But there’s this semi-new field called senolytics. They are substances that help your body kill fucked up cells, senile cells. Your body can clean them out. But as you age, your body has more trouble doing it.

They are bad. They consume resources and overly inflame your body. Your body becomes increasingly unable to clean out these senile cells. The senolytics help your body kill these fucked up cells

It seems like the most effective standalone substance is this stuff called fisetin, which is a flavonoid. I don’t know what that means. It is derived from plants. It is found in the highest concentration in strawberries. But you cannot eat enough fucking strawberries to have a therapeutic effect.

It activates or interferes with a bunch of things that act like a dull Swiss Army knife. It kills fucked up cells with limited efficacy in half of a dozen different ways. It is the most effective standalone senolytic.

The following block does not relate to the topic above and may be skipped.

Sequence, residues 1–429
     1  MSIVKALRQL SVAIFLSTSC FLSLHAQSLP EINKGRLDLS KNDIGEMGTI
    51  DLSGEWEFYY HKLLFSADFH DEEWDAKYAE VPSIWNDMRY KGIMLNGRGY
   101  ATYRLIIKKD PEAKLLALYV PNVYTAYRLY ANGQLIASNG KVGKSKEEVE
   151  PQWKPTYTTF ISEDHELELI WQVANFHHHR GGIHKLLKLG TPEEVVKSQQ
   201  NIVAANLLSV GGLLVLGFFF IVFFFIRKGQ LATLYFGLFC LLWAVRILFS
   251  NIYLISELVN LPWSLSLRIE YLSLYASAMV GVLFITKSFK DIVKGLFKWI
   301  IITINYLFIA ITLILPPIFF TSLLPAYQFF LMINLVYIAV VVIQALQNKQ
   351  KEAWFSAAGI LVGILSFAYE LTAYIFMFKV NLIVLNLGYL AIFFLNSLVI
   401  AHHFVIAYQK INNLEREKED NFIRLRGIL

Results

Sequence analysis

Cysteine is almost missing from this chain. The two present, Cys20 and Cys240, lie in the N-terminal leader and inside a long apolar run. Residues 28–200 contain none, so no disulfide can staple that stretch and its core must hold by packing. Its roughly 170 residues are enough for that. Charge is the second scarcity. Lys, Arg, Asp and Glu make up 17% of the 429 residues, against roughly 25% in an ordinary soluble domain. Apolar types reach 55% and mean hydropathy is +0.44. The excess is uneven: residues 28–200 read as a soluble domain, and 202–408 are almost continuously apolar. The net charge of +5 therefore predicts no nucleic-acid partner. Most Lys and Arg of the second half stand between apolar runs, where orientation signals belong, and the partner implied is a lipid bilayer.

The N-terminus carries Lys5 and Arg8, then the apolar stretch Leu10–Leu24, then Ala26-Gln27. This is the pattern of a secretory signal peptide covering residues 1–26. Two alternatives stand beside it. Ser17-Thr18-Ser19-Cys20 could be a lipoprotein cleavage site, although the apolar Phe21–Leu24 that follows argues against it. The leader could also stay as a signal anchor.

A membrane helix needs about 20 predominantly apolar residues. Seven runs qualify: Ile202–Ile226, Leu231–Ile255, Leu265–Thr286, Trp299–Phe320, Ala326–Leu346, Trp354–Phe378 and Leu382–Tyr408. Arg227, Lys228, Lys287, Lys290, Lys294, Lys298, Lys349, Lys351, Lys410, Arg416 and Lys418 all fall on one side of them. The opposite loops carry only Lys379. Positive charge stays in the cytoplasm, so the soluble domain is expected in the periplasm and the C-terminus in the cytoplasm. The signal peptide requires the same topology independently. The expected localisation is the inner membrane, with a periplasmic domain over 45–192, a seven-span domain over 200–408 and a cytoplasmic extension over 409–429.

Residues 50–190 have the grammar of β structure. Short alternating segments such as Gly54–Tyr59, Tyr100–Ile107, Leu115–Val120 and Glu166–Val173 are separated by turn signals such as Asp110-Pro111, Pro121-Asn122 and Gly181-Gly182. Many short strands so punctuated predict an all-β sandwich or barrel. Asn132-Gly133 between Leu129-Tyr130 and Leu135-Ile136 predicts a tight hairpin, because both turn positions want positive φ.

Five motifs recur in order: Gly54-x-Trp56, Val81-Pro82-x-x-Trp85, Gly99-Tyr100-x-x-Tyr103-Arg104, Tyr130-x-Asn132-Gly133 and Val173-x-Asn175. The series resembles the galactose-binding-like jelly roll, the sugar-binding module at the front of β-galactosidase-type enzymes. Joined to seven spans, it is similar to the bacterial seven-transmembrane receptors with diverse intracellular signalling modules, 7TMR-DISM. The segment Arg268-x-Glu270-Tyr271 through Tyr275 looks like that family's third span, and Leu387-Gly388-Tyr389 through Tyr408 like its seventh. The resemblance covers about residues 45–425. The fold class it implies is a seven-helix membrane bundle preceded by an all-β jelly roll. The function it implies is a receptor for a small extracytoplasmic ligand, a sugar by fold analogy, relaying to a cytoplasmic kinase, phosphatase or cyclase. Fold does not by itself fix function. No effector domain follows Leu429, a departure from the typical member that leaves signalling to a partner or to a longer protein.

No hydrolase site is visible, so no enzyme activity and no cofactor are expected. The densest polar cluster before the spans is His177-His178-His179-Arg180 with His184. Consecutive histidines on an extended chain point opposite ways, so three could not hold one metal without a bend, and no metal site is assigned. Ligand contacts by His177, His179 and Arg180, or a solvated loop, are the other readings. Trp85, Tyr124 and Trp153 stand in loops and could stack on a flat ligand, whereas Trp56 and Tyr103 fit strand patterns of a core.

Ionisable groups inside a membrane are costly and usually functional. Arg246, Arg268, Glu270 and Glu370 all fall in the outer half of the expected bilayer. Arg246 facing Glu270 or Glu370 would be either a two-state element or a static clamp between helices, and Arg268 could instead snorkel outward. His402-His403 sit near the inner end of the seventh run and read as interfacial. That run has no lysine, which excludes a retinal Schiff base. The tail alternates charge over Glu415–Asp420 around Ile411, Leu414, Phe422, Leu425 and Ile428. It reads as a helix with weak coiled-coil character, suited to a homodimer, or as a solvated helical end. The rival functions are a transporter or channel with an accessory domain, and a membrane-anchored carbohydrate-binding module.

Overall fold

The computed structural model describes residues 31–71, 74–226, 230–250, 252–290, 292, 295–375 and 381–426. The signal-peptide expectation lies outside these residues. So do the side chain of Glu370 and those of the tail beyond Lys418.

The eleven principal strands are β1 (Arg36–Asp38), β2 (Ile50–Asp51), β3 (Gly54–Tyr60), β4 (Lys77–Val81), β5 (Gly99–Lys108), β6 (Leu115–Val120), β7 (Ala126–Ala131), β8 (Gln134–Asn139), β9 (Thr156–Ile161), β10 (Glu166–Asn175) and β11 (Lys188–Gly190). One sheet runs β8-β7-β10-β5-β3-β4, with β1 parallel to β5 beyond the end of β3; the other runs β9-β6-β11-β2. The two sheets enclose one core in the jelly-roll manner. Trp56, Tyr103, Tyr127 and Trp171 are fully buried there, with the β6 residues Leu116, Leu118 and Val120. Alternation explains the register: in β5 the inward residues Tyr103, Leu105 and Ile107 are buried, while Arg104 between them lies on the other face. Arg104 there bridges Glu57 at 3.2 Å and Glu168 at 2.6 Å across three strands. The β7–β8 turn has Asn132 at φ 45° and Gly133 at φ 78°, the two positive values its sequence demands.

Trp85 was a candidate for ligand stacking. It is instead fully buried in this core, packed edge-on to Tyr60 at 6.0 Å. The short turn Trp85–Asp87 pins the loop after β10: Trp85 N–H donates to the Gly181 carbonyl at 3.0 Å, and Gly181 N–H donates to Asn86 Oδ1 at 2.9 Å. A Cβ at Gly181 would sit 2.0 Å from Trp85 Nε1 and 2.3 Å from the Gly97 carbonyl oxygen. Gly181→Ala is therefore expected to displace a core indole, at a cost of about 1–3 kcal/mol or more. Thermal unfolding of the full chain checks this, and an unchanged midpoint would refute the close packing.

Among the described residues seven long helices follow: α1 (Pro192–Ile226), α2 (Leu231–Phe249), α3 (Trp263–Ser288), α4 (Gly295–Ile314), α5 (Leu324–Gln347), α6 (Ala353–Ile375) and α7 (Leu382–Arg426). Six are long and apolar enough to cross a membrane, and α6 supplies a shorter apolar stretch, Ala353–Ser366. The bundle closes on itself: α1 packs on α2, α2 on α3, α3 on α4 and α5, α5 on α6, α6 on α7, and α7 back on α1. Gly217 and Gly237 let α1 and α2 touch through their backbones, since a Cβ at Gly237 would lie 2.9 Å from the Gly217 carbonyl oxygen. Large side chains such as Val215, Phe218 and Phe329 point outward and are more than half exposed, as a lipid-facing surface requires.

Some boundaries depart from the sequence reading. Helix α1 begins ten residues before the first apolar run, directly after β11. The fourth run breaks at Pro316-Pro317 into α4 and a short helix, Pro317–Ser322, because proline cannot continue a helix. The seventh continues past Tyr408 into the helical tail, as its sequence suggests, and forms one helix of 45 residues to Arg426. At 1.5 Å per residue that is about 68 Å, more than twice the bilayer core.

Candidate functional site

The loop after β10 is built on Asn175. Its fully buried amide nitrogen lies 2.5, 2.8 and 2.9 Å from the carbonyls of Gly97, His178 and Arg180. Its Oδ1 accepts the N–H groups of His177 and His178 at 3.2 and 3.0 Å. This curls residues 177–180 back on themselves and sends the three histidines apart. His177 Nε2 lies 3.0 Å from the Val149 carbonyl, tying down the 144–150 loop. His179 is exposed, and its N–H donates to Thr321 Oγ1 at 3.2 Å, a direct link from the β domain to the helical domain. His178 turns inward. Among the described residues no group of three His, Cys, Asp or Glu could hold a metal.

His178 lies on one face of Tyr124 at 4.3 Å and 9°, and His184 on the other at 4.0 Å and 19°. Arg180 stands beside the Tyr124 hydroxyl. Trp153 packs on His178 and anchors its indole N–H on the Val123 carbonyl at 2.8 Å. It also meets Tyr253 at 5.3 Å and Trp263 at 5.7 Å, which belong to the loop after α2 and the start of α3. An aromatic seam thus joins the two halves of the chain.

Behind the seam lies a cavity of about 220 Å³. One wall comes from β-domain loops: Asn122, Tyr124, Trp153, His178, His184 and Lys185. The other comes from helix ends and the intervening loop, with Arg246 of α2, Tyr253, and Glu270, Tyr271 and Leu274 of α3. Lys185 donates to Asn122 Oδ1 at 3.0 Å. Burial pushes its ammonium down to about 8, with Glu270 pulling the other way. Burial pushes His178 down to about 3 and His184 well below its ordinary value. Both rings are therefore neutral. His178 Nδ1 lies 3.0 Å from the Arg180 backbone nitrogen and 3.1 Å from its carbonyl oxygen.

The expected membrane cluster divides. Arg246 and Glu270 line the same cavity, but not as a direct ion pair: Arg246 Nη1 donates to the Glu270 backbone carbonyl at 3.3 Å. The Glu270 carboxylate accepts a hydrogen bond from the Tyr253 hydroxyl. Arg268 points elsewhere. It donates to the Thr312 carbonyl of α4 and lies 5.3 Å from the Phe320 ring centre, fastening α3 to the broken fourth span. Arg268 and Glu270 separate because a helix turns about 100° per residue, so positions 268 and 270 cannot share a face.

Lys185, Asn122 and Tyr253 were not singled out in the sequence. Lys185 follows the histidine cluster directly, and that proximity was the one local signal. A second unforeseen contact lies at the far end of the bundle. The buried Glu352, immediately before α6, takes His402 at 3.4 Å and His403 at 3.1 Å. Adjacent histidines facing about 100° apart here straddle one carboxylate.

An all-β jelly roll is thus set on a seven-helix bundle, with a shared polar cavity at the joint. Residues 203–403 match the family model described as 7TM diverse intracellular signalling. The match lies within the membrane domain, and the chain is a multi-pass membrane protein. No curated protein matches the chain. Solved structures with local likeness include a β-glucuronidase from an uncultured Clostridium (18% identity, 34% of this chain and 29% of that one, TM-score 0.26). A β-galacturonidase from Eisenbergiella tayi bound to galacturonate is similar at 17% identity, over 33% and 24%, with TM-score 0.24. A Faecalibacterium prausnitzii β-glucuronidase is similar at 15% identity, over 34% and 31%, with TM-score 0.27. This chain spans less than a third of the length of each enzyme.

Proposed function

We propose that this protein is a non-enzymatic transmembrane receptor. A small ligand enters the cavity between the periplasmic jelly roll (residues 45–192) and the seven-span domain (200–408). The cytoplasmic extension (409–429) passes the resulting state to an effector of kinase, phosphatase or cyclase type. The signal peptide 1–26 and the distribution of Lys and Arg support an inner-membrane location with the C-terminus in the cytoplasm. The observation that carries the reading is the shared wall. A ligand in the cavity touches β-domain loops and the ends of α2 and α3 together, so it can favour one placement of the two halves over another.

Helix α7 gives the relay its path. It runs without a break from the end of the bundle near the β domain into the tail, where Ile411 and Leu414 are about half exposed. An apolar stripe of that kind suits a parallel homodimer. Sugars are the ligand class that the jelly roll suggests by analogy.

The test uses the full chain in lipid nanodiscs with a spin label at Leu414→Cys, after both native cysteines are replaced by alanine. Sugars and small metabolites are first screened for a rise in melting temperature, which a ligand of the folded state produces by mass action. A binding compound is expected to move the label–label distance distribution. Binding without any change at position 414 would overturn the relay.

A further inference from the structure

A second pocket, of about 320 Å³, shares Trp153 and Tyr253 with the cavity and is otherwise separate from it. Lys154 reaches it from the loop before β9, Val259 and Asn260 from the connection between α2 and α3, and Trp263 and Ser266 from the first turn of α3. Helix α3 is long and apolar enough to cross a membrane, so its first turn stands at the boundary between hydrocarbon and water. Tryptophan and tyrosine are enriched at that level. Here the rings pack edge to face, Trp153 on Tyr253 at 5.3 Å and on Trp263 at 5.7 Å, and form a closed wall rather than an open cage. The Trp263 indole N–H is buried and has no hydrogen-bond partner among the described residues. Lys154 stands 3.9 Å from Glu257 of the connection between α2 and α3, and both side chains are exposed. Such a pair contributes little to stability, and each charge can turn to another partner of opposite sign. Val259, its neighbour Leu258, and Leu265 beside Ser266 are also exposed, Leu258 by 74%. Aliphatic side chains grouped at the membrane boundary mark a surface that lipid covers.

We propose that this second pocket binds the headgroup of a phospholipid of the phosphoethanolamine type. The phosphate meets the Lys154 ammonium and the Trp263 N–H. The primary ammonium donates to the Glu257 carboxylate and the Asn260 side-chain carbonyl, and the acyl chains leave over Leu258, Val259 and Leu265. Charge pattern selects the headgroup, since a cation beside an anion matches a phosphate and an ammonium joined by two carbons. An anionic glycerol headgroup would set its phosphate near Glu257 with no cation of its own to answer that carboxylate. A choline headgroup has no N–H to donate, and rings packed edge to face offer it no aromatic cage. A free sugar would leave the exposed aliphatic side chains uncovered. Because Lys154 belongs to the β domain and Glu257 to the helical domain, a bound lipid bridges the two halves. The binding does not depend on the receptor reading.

There are a bunch of papers on it, written by actual doctors and researchers as opposed to a bunch of crazy bullshit that you find on the internet. It has been shown to be effective in vitro, which is that they take cells out of rats or people and put them in a test tube with this stuff.

The fisetin fucks up stuff in test tubes. It fucks up things in vivo in rats. They inject them or have them eat the stuff, and also anecdotally in people. So, I have been taking shit loads of it, which gives me brutal diarrhea.

Jacobsen: [Laughing].

Rosner: I shit on the floor the day before yesterday. It means that I am eating ramen, which is delicious but bad for you. I eat pastries. Because I believe this gets the food out of me before the digestion is done.